{'a': 20}                                                                                                                                                                                                                                                                                              
>>> x                                                                                                                                                                                                                                                                                                  
{'a': 20}                                                                                                                                                                                                                                                                                              
>>> y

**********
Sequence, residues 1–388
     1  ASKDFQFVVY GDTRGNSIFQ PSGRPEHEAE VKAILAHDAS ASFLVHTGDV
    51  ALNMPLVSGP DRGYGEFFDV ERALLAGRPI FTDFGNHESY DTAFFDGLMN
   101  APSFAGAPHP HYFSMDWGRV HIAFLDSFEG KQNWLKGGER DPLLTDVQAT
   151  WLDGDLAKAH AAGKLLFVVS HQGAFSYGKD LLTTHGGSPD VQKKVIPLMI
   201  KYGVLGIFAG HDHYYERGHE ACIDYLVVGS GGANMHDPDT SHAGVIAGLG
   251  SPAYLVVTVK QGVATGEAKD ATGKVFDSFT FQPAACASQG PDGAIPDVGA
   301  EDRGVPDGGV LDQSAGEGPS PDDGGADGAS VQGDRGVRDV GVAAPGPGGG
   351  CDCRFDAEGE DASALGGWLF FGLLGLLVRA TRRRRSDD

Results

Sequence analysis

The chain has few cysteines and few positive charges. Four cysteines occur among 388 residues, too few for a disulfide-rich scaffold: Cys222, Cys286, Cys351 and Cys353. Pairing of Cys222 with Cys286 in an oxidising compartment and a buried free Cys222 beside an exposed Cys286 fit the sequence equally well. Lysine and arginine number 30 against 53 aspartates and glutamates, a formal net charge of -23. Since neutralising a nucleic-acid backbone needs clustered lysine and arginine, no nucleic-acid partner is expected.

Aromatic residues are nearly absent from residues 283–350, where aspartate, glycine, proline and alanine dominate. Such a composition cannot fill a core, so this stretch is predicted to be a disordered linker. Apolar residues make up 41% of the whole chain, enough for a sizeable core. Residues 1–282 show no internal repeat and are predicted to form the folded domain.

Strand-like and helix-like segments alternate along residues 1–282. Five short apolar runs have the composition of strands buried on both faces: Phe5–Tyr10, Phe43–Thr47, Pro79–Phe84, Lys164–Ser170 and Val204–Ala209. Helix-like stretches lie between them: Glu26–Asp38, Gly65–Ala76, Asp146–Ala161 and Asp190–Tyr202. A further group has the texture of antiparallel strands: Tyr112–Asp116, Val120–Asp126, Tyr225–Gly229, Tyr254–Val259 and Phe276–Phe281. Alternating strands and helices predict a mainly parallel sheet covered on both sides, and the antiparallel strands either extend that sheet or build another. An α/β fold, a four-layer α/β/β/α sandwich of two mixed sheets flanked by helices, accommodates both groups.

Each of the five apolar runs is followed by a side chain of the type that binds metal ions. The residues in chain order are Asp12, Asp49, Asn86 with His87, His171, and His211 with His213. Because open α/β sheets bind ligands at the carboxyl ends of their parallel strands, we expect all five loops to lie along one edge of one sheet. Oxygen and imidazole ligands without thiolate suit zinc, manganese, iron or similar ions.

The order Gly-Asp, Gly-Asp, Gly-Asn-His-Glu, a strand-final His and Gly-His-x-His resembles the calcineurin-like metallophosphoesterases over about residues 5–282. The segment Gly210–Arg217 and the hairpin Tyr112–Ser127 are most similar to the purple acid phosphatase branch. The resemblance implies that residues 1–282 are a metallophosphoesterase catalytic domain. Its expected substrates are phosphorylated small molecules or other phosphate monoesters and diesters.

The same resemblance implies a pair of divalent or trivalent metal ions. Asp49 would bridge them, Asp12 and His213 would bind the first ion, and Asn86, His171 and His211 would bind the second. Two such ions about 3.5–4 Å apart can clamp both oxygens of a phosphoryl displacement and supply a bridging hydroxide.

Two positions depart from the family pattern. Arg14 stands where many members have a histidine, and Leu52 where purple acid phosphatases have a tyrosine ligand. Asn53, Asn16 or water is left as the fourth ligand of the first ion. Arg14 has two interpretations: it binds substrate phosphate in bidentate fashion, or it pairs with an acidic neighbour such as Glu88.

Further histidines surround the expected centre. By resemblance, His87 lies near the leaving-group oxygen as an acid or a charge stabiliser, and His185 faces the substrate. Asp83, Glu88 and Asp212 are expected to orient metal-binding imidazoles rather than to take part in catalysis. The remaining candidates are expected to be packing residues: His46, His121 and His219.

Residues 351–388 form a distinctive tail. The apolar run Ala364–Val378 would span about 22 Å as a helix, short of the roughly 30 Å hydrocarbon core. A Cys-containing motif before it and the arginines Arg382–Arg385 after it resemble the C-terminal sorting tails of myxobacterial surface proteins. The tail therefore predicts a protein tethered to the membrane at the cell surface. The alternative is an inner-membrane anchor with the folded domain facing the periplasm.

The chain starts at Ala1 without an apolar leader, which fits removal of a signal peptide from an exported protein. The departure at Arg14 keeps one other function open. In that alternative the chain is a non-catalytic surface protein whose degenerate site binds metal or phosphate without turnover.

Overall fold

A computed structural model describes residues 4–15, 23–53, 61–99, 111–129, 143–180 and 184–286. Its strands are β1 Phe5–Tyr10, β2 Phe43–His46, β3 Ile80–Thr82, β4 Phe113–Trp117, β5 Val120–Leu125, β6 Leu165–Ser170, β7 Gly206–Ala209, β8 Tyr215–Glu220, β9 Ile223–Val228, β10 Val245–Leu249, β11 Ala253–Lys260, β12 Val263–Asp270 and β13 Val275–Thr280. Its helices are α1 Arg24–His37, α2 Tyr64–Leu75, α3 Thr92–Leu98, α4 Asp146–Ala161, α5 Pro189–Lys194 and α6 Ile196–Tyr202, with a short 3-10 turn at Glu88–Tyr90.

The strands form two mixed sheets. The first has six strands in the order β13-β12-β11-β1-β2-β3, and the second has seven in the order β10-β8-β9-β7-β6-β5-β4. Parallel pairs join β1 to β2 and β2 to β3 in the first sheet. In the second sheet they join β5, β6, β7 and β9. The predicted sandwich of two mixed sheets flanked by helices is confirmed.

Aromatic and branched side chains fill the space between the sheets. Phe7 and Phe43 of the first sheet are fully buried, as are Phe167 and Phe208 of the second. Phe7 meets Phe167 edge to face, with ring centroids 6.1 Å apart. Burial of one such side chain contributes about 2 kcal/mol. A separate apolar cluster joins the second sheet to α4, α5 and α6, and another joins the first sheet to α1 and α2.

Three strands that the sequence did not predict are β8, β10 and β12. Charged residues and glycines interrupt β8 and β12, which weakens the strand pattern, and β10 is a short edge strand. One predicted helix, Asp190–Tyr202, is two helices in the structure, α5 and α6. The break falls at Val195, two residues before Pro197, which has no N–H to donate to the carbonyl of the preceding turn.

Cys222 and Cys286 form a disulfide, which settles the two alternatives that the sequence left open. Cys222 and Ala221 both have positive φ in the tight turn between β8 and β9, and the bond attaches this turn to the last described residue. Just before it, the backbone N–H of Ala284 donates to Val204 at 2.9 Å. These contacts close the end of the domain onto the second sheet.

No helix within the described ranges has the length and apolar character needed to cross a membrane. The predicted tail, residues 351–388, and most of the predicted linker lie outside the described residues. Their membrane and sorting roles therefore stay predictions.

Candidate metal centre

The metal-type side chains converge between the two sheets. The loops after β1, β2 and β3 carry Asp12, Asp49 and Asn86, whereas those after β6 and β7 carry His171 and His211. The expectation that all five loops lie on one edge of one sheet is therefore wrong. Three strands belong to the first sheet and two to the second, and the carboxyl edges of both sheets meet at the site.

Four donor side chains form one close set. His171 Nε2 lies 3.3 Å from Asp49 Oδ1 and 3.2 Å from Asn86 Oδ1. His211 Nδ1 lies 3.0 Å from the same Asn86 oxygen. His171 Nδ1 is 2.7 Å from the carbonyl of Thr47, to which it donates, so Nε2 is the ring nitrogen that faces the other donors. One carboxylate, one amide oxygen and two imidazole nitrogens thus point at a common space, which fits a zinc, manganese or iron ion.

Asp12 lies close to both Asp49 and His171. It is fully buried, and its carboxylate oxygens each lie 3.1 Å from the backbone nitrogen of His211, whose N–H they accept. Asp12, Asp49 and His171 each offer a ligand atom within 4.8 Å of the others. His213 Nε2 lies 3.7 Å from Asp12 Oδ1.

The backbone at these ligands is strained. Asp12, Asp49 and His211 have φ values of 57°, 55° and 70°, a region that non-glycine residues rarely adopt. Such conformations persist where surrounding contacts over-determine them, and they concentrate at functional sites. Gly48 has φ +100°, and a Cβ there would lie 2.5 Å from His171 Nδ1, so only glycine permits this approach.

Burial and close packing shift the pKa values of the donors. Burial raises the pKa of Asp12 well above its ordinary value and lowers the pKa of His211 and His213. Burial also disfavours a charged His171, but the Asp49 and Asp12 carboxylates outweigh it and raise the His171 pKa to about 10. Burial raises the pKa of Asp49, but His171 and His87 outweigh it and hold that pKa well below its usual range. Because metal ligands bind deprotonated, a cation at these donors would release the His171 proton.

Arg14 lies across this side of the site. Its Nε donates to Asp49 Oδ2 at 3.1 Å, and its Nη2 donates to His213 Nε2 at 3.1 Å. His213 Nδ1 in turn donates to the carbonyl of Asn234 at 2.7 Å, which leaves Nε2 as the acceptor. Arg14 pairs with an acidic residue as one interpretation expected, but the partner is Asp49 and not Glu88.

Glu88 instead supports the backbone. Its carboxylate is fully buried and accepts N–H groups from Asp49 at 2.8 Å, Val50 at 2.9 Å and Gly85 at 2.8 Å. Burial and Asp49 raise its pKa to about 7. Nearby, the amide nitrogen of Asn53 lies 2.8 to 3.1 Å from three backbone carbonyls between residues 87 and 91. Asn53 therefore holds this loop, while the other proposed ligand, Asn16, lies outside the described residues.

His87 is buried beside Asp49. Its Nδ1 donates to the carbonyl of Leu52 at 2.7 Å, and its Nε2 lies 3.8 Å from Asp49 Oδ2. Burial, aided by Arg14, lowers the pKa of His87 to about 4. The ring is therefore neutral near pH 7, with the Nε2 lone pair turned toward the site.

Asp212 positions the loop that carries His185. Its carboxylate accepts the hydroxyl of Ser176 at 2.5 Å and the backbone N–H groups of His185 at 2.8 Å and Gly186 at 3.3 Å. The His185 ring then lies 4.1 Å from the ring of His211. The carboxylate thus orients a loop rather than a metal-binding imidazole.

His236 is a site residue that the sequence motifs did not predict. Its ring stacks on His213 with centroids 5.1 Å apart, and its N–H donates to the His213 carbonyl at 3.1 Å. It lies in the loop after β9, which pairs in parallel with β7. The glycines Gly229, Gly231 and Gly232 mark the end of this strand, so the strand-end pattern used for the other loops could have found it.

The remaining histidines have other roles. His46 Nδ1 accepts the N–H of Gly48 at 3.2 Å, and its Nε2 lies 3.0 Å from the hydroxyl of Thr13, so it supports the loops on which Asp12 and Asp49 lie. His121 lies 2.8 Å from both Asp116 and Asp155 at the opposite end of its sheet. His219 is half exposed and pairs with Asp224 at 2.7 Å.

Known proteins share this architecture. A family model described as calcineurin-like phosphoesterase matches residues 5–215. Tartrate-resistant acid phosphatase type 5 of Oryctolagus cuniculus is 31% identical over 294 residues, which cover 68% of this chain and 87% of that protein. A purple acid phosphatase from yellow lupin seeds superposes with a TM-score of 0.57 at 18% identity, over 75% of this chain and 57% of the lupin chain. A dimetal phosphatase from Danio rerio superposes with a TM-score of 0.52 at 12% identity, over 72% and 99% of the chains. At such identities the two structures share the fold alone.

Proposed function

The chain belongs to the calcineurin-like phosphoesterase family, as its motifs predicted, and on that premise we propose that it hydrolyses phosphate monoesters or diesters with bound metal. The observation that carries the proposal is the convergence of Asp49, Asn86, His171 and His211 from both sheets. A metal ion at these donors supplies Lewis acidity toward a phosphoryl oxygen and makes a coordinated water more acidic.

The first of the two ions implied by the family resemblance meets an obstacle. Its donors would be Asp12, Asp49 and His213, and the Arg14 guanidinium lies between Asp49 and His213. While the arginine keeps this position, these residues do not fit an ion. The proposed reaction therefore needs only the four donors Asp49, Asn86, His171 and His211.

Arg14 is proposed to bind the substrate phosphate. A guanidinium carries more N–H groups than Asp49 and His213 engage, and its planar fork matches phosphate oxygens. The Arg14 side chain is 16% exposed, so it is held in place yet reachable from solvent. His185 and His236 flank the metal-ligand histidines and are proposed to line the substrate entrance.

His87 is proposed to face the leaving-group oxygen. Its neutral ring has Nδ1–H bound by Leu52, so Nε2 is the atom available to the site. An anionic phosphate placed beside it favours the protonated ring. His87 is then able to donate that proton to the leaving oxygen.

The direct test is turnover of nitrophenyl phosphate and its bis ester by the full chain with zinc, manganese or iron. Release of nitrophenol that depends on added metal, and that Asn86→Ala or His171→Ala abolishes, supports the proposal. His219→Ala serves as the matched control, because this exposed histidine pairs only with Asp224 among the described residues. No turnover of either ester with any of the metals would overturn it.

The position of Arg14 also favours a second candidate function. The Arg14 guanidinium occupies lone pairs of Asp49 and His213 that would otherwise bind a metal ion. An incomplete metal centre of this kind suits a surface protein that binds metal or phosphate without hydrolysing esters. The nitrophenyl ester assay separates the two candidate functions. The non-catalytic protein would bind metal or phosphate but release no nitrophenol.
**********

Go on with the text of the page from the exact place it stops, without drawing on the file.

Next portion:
{'a': 30}                                                                                                                                                                                                                                                                                              

Here o and x refer to the same dict o['a'] and x['a'], and that dict is "mutable" in the sense that you can change the value for key 'a'. That's why "y" needs to be a copy and y['a'] can refer to something else.

5

It is possible, using this simple trick :

a = "Python"
b = a[ : : -1 ][ : : -1 ]
print( "a =" , a )
print( "b =" , b )
a == b  # True
id( a ) == id( b ) # False
2

As others have already explained, there's rarely an actual need for this, but nevertheless, here you go:
(works on Python 3, but there's probably something similar for Python 2)

import ctypes

copy          = ctypes.pythonapi._PyUnicode_Copy
copy.argtypes = [ctypes.py_object]
copy.restype  = ctypes.py_object

s1 = 'xxxxxxxxxxxxx'
s2 = copy(s1)

id(s1) == id(s2) # False
1

I think I have just solved this with string slicing.

a="words"
b=a[:int(len(a)/2)]+a[int(len(a)/2):]
b
'words'
id(a),id(b)
(1492873997808, 1492902431216)
0

Copying a string can be done two ways either copy the location a = "a" b = a or you can clone which means b wont get affected when a is changed which is done by a = 'a' b = a[:]

Your Answer

By clicking “Post Your Answer”, you agree to our terms of service and acknowledge you have read our privacy policy.

Not the answer you're looking for? Browse other questions tagged or ask your own question.